In 1951 Rauschenberg created his revolutinary White Paintings. This was the time when Abstract Expressionism was ascendant in New York and Rauschenberg's uninflected all-white surfaces eliminated gesture and denied all possibility of narrative or external reference. In this radical reduction of content he was presaging Minimalism by a decade. These paintings influenced John Cage who interpreted the blank surfaces as 'landing strips' or receptors for light and shadow, and he was inspired to pursue the corresponding notion of silence and ambient sound in music. His response was 4'33' (1952), consisting of a pianist sitting quietly at the piano without touching the keys for four minutes and thirty three seconds so that incidental sounds in the surrounding environment - the wind in the trees outside, the whispering of audience members - determined the content of the piece.


3 Standard Stoppages, Marcel Duchamp, 1913-14

(We were not allowed to take photographs at the Barbican, so this photograph I took at MOMA in New York, which you can see here ).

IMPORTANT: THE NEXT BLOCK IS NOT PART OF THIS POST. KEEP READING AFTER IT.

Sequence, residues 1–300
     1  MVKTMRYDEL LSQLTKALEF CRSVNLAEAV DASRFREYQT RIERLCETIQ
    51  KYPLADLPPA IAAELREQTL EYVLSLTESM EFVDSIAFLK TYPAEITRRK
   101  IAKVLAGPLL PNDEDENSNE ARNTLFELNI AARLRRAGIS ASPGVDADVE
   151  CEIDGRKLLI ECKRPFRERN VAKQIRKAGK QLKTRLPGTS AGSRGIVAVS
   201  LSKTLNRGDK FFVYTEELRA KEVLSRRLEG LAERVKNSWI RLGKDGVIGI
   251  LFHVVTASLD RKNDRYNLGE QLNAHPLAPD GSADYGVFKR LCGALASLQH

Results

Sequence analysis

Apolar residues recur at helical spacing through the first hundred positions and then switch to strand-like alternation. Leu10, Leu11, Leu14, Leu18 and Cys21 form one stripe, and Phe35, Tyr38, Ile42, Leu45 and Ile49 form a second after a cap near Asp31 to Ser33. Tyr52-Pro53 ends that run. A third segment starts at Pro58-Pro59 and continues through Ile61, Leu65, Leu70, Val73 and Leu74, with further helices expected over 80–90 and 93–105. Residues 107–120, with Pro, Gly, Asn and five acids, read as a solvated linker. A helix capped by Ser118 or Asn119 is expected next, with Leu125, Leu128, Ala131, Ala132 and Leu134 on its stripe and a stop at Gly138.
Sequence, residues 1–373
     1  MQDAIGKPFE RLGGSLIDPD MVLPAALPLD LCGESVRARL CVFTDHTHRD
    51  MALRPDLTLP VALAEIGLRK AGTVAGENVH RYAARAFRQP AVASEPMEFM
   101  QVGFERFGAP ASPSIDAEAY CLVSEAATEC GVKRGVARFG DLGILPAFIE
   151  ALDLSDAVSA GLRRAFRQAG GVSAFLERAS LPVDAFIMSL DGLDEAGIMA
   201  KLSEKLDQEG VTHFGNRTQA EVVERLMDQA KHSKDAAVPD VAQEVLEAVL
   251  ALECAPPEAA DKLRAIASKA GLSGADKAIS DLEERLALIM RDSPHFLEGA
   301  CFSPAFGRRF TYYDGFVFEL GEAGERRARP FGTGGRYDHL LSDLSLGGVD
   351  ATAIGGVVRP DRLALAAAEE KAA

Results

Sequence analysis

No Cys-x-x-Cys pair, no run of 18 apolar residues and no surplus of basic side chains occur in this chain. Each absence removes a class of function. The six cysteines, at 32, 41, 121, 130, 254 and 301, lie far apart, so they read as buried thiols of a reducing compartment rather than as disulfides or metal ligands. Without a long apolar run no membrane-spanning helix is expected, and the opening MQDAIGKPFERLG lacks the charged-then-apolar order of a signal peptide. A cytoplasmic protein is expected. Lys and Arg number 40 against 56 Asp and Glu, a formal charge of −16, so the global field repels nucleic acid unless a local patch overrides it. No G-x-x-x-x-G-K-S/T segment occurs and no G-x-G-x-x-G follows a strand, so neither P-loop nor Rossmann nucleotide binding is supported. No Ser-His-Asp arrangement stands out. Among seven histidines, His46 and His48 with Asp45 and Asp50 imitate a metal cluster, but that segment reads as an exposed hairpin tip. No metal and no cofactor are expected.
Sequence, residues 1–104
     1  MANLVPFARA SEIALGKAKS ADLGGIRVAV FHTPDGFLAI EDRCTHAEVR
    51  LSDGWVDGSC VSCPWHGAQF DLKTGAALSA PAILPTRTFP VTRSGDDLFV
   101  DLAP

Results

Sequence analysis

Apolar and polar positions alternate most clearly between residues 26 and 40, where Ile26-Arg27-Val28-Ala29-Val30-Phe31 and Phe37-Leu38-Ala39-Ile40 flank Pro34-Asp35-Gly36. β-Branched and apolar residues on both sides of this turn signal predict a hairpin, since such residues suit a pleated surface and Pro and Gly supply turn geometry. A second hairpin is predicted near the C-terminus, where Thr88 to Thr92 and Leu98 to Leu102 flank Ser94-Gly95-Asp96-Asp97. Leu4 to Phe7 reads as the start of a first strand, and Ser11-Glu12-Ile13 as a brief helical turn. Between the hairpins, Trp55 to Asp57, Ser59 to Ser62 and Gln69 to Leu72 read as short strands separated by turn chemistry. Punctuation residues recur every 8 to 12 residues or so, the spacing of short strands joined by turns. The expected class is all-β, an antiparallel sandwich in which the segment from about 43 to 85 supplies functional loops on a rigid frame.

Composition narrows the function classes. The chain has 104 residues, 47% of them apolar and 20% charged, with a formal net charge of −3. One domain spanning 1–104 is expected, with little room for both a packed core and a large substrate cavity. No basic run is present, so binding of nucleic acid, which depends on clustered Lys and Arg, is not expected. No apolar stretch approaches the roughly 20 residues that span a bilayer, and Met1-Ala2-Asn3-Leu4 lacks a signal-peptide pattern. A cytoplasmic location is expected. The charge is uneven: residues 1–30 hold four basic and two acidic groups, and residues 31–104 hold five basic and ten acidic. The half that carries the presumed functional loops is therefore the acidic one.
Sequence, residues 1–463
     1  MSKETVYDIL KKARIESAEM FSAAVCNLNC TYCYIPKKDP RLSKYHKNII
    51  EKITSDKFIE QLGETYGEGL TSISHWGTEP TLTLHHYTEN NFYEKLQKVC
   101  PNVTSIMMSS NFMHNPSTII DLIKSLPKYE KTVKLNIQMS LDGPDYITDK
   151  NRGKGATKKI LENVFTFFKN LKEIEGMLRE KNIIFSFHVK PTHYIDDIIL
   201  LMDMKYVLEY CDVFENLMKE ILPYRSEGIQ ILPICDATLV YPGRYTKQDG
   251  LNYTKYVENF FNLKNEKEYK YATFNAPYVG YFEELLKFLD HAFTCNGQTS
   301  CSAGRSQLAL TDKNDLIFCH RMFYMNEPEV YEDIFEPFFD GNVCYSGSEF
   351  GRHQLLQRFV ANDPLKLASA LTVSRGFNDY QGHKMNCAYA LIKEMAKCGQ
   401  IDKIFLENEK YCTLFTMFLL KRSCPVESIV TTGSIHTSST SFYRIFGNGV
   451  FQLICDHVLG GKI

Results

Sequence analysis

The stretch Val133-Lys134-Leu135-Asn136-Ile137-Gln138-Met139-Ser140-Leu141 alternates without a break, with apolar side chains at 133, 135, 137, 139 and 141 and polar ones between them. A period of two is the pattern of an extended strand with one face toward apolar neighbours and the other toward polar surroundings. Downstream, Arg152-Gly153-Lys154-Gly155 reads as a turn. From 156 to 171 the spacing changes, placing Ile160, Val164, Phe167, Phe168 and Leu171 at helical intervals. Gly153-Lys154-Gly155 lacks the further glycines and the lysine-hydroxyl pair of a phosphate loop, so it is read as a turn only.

'This experiment was made in 1913 to imprison and preserve forms obtained through chance, through my chance. At the same time, the unit of length, one meter, was changed from a straight line to a curved line without actually losing its identity as the meter, and yet casting a pataphysical doubt on the concept of a straight edge as being the shortest route from one point to another'.

When asked which was his most important work, he replied: 'As far as date is concerned I'd say Three Stoppages of 1913. That was when I really tapped the mainspring of my future. In itself it was not an important work of art, but for me it opened the way - the way to escape from those traditional methods of expression long associated with art... For me Three Stoppages was a first gesture liberating me from the past'.

3 Stoppages was made at a time of widespread contemporary scepticism concerning the objectivity of scientific knowledge. Duchamp may have been influenced by popular science books which discussed the relativity of all standards of measurement.

Network of Stoppages, Marcel Duchamp 1914